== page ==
East Coast

Highlands Falls Country Club

Fred Gehrisch, CGCS  Superintendent at Highlands Falls Country Club isn’t afraid to tackle big projects at Highlands Falls C.C in Highlands, NC. Fred’s next big project is the implementation of a drainage plan done by TDA in 2012. Fred will be doing the project in-house.  Highlands Falls C.C. sits on one of the most spectacular sites in the Eastern U.S., and presents a formidable challenge because of the shallow rock. Fred will be utilizing gravity, as well as siphon systems and Irrigation Driven Pumps to alleviate the difficulties that come with installing drainage in mountain courses.


Westmoreland Country Club

Todd Fyffe, Superintendent at Westmoreland Country Club in Wilmette, IL, has overseen the completion

January 2013: Tech Section – Difference between drainage envelope and drainage filter

Posted on January 29, 2013February 14, 2022Categories TECHNICALTags , , , ,

One of the most commonly asked questions we receive is, “Isn’t the filter fabric (geotextile used around Turf Drain and Perma Basins) going to clog up?” In the early 80’s, when we first introduced Turf Drain to the golf course industry, I called on golf course architect, Joe Finger in Houston. Joe was a civil engineer. As soon as I showed him the Turf Drain and explained how it worked, he said, “I have never seen a filter yet that didn’t clog up and have to be replaced.” I wasn’t able to counter his statement, but as soon as I left his office, I started my search for the explanation. Since that time, I have spent untold man-hours trying to

Fall 2012: Where are the drain lines?

Posted on August 17, 2012February 14, 2022Categories CUSTOMER PROFILE, PROJECTSTags , , , ,

Where are the drain lines? One of the biggest challenges of any drainage project is making it look as if the project never took place. Nobody likes to see droughty drain lines for years after the completion of a project, especially not Brian Schwiehofer at Franklin Hills C.C.  in Franklin, MI (just outside of Detroit).

Anyone that has ever visited Brian’s course would vouch for his attention to detail, and 50,000 feet of visible drain lines would not have been acceptable in Brian’s world.  Any project can suffer from some wilted lines during prolonged dry stretches, particularly in the first couple of years after the completion of the project. Here at Turf Drainage Co. of America, we have witnessed millions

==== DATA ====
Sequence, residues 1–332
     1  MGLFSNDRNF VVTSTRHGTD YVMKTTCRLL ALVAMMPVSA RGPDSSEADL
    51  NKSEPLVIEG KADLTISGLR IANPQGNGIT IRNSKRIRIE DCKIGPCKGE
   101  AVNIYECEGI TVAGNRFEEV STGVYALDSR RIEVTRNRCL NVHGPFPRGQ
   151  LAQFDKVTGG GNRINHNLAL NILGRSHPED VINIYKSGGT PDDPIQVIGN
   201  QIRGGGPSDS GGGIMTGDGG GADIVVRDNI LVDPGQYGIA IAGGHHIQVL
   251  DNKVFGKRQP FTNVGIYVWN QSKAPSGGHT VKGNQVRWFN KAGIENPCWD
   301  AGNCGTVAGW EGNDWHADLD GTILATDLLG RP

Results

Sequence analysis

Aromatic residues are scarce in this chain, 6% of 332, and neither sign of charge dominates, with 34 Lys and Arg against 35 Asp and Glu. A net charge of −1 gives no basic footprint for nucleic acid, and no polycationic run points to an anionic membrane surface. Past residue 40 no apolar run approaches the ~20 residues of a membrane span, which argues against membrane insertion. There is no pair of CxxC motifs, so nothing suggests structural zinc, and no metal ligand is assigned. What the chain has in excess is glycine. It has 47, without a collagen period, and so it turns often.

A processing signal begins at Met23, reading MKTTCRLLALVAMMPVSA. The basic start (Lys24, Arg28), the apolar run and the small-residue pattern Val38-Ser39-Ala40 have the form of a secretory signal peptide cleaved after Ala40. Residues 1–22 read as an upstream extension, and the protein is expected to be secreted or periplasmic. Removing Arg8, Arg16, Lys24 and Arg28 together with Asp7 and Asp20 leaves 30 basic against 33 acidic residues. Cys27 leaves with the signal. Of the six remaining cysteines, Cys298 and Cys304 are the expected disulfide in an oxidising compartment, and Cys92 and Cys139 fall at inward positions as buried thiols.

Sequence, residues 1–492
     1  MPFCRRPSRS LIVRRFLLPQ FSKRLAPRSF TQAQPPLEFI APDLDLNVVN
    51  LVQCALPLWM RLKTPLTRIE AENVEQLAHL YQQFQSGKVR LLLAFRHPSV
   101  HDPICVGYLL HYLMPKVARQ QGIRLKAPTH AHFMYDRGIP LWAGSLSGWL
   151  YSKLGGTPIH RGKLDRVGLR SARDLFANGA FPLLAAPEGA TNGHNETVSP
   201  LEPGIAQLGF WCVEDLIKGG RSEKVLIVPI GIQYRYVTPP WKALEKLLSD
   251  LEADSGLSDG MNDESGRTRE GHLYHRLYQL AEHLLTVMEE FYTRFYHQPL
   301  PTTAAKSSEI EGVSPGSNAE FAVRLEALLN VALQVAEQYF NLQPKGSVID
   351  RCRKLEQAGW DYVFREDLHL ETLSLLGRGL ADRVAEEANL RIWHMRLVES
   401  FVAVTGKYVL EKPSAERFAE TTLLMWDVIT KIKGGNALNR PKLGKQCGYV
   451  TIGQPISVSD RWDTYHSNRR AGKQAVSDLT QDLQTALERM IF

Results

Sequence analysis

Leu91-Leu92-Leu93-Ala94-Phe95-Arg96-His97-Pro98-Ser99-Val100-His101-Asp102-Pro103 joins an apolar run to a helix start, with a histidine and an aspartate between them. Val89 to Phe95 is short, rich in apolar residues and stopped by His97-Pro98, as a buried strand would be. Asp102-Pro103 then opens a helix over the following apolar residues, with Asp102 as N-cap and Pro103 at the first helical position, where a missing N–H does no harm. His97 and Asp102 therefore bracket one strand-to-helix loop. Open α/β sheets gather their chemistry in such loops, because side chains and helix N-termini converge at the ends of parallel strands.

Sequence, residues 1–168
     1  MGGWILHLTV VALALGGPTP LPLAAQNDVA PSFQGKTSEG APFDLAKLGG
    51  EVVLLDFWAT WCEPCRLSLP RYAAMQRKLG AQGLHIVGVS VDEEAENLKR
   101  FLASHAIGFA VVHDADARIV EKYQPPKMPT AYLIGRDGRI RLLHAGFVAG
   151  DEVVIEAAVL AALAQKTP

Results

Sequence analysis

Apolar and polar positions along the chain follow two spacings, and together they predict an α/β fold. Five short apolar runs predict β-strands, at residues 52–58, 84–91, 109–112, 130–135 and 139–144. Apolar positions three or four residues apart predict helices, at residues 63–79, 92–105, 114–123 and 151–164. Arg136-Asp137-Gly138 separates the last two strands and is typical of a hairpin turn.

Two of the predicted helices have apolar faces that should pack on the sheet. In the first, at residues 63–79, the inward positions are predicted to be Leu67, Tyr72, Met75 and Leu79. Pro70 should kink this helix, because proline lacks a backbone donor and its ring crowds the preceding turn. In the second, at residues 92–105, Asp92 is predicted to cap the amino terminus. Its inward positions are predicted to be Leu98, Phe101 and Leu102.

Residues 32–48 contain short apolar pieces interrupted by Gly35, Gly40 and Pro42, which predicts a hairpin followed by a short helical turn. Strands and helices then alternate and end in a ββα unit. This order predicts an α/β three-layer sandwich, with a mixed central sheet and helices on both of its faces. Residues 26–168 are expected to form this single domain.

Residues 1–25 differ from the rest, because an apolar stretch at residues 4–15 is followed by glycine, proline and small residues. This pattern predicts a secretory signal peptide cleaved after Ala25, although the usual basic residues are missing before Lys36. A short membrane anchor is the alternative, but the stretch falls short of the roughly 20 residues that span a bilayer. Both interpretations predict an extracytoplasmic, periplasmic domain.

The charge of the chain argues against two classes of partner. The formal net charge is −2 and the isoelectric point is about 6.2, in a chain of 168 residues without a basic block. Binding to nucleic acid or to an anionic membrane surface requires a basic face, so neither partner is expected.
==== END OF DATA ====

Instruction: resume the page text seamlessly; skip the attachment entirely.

Fall 2012: Tech Section – Cardinal Rule #1: Proper seepage drainage must have an adequate airspace

Posted on August 17, 2012February 14, 2022Categories TECHNICALTags , , , , ,


Cardinal Rule #1: Proper seepage drainage must have an adequate airspace

If we could only explain one principle to improve people’s understanding of proper seepage drainage, it would be that proper seepage drainage must have an adequate airspace to drain to in order to be effective. If a person absolutely understood this one critical concept, 90% of failed drainage installations would be eliminated. Hardly a day goes by that we don’t have some type of discussion with a golf course superintendent, engineer, or golf course architect whereby it is obvious that cardinal rule #1 is either not truly understood, or is underestimated in its importance.

The basis of all seepage engineering is a formula for the proper design of

Fall 2012: Installing Drainage Like This Could Be Making Your Problem Worse, Part 2

Posted on August 17, 2012January 24, 2021Categories PRODUCT, TECHNICALTags , , , , ,


This is the second of a series of articles about installation mistakes that can actually cause your drainage problems to worsen instead of improve (Part I). A common practice in the golf course industry is the use of perforated pipe for transporting water. Every drainage system has two major functions; collection and transportation of water. 

Collection can either be done by an open inlet collecting surface water, or a seepage line collecting water that is trapped on the profile.  Many superintendents feel that if they use perforated pipe for their transportation lines, it can also collect their seepage water. Makes sense right? Maybe not. When a perforated line is used to transport water from a surface inlet, the